Charles Baudelaire's translations of Edgar Allan Poe
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Although one of the best-known cases of intercultural literary partnership, Charles Baudelaire’s translations of Edgar Allan Poe’s works have been little analysed with a methodology appropriate to Translation Studies. Relying on a functionally target-oriented approach to translation and an empirical methodology, the present thesis undertakes this analysis. Positioning the prospective function(s) of the translations as intended by the translator within their historical context, Chapter One explores the para-discourse of the translator and its contemporary reception. Beyond the Romantic critical tradition of the whole project, Baudelaire’s introductory writings on Poe appear to target in a propagandist way the literary elite of the time. On the contrary, the selection and organization of the five volumes of translations for publication suggest primarily a popularising strategy intended to capture, through the fictional genre, the attention of the growing mass audience of the Second Empire. In Chapters Two and Three, traditional appraisals of the translations in terms of quality assessment are questioned in favour of an explanation of interpretative frameworks and translation strategies as seen through the analyses of two translated tales and of textual variables throughout the corpus. Baudelaire’s biographical interpretation of the narrative voice combines with clear strategies to normalize the stylistic authority of the texts and to increase their dramatic and expressive impact, offering in the end a less rhetorical, but aesthetically more Romantic and narratively more Realist reading of Poe’s fantastic tales. Baudelaire would thus have managed to reconcile at a textual level the ambiguities of his para-discourse in terms of targeted readership as seen in Chapter One. It is finally argued that beyond the constraints of the receiving system and the strategies of the translator to accommodate these, the French image of Poe as produced by Baudelaire owes much to a French resistance to the narrative ambiguity and style that Poe’s writing represents. Confirming or challenging existing criticism on the Poe-Baudelaire case, the present thesis thus hopes to contribute, not only to our relatively limited knowledge of mid-nineteenth-century French translation, but also to our understanding of French short fiction and its conflicting stakes in terms of aesthetics and readership.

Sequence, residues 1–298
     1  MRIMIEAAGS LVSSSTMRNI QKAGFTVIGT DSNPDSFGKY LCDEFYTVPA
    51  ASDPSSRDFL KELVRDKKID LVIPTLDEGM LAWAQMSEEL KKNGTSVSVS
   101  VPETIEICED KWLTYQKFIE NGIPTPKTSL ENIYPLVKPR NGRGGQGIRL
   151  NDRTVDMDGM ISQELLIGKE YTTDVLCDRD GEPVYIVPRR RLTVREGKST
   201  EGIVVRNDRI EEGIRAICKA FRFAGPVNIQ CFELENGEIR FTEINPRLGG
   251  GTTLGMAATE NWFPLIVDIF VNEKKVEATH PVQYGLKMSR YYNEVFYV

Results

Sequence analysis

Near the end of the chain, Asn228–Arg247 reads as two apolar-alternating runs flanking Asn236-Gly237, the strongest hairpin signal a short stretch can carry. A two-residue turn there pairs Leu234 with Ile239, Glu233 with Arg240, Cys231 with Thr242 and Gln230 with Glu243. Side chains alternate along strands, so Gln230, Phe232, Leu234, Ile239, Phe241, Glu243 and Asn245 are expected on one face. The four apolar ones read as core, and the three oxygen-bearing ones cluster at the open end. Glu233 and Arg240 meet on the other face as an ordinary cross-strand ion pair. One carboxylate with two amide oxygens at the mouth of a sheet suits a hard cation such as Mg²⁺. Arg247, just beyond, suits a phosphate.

Thesis, DLang Doctor of Languages
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